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Dennis

I hate flying. It feels like far too long of a period of time squashed into seats with not enough leg room while sitting next to some of the smelliest and loudest snoring people. Have you ever got the feeling that an in-flight concert by someone notable would make the experience better?

Southwest Airlines thought so, and they created an in-fight program called "Live at 35" in which you may be lucky enough to experience some of your favorite artists playing a very intimate set while you are on your way to your destination.

The program isn't exactly "new" and has actually been in action for a while now, but it gained some more attention this last week when they brought rockstars Imagine Dragons on the plane to perform a few songs. A video of the performance, produced by Southwest, surfaced online this week and went viral.

In the video, you can see how exciting this was to people. They looked like they were doing something I've never done on a flight: enjoying it.

One thing is clear, this had to be really high in the air. At least high enough for people to be able to turn on their devices and unfasten their seatbelts. Everyone on the plane had their phones out to film the band — because the most important part of seeing something unique is taking a video to brag on Instagram later (or right after, if you paid for the in-flight Internet).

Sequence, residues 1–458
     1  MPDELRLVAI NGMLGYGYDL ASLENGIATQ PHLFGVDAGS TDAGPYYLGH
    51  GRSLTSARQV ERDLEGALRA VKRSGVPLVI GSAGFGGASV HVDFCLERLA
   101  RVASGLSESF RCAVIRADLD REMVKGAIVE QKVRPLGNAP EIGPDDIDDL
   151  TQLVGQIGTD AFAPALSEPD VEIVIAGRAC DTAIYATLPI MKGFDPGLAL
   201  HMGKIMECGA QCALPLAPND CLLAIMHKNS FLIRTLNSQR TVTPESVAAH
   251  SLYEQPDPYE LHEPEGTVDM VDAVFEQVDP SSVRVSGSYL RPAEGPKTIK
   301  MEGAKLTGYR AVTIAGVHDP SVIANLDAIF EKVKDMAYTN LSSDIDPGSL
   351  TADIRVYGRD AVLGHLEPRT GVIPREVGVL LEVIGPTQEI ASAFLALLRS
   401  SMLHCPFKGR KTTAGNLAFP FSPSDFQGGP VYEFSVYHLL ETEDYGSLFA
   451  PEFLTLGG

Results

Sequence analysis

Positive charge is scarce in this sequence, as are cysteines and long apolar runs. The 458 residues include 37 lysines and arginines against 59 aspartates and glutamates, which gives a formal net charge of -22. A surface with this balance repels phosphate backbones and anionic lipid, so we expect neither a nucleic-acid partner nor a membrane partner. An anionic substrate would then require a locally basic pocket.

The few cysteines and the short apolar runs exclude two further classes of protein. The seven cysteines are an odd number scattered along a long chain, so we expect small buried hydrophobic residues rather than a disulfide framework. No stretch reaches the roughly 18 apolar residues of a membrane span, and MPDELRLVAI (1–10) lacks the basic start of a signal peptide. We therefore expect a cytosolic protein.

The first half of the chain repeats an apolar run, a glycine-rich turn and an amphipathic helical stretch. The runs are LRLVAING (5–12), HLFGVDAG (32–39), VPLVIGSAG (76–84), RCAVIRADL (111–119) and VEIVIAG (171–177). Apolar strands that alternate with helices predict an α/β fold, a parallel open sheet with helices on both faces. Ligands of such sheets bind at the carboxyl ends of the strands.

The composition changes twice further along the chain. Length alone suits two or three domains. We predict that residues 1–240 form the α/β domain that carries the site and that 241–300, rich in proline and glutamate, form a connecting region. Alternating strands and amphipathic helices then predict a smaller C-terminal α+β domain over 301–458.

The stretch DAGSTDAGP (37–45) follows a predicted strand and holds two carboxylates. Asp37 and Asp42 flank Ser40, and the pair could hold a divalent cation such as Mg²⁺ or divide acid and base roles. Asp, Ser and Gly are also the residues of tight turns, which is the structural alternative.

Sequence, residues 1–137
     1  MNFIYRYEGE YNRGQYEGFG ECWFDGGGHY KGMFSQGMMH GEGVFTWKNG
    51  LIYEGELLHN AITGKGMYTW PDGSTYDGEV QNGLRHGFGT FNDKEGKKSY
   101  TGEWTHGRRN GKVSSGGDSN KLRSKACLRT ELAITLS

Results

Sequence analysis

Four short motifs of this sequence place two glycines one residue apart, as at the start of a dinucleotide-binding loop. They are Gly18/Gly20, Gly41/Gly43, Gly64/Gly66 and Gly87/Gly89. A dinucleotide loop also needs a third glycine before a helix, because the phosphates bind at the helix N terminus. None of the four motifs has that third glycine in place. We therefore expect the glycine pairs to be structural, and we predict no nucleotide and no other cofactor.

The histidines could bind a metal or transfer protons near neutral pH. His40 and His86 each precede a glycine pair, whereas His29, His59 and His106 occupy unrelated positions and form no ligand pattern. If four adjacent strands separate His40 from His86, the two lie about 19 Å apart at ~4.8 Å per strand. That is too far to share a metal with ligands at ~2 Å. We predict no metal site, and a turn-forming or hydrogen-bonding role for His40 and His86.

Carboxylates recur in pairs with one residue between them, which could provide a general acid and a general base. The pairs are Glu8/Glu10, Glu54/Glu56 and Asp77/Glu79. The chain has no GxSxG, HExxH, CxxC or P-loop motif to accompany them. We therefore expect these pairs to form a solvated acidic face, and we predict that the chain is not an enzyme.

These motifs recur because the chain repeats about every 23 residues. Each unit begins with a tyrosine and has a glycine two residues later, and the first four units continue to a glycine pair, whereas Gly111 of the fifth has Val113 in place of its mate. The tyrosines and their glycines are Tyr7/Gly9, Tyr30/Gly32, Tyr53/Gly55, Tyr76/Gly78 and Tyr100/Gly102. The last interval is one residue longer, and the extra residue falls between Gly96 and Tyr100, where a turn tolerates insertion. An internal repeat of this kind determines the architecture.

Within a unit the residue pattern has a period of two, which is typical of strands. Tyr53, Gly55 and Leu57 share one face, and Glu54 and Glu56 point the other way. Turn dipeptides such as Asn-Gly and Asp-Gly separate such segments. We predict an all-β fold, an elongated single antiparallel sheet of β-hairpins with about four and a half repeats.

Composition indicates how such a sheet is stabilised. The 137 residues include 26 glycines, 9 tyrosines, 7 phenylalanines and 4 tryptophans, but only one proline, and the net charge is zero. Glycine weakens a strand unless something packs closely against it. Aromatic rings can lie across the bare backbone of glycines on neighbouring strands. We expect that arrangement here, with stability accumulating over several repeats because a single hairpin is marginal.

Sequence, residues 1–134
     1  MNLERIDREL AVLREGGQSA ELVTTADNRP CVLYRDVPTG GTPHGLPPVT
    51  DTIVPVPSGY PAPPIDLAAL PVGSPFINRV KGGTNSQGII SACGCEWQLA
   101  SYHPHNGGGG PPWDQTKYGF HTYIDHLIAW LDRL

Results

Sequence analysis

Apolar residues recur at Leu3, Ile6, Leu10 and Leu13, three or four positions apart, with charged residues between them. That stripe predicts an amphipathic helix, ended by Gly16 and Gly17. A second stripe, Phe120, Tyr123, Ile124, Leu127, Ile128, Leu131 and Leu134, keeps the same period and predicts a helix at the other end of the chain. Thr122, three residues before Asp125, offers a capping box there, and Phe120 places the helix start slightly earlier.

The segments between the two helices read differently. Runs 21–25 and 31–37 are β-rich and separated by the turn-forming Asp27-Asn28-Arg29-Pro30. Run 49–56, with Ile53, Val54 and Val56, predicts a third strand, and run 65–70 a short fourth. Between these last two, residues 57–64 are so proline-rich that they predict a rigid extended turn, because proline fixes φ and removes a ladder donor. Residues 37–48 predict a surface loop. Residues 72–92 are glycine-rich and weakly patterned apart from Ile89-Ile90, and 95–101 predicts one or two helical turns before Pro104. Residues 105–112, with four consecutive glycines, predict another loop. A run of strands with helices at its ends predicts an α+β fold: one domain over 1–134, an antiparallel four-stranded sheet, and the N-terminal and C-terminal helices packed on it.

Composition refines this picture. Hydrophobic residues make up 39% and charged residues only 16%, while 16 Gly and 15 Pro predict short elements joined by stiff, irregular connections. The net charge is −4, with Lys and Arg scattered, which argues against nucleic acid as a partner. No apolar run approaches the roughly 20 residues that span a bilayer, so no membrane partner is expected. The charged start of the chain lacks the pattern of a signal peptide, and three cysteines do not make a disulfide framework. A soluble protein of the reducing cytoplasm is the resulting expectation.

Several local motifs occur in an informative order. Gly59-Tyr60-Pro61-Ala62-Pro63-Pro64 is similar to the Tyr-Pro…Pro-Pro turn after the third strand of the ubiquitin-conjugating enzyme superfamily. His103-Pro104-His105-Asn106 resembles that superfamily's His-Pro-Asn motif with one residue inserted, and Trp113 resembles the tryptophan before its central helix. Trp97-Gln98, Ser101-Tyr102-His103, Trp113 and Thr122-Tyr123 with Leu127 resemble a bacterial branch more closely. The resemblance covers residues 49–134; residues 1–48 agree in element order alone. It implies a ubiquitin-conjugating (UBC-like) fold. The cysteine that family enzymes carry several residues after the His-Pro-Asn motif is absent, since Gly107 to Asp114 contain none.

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What I find the most amazing is how truly lucky people were to see such an intimate performance. Last year I went and saw the group at the completely sold out Pepsi Center and was happy enough to have found tickets in the top area of the stadium. But seeing them on an airplane is almost the same as being in the front row of the Pepsi Center for everyone. Plus it's such a unique thing that you can tell people you saw.

Things like this not only bring excitement to a plane ride, but also excitement to the music industry and to fans.

Not too long ago I was talking to my father about how the music industry has changed. He didn't believe it was as powerful as it once was due to the lack of personal feeling it once had. for example, things like getting physical copies of music and the excess of bands out there now as opposed to the few big names everybody knew back in past times.

I agree with him, even though I never personally saw the era he talks about. We live in a time where there is an over saturation of music. Not only that, but there is no personal feeling to it anymore because of the digital music revolution, which has been good in a lot of ways, but has also been negative in others, such as creating a less personal experience simply because we don't get physical copies anymore. It has made the live performance experience that much more important, but because the live performance is too crowded, it's hit or miss wether you actually get to feel the personal experience from that.

What Southwest is doing is not only am insanely smart business move, but also good for music fans because it creates moments for people that are truly memorable.

And this whole thing would be great to see on more plane rides. I understand that it isn't accomplishable on every plane ride, but it would be cool to see the airline do it more often.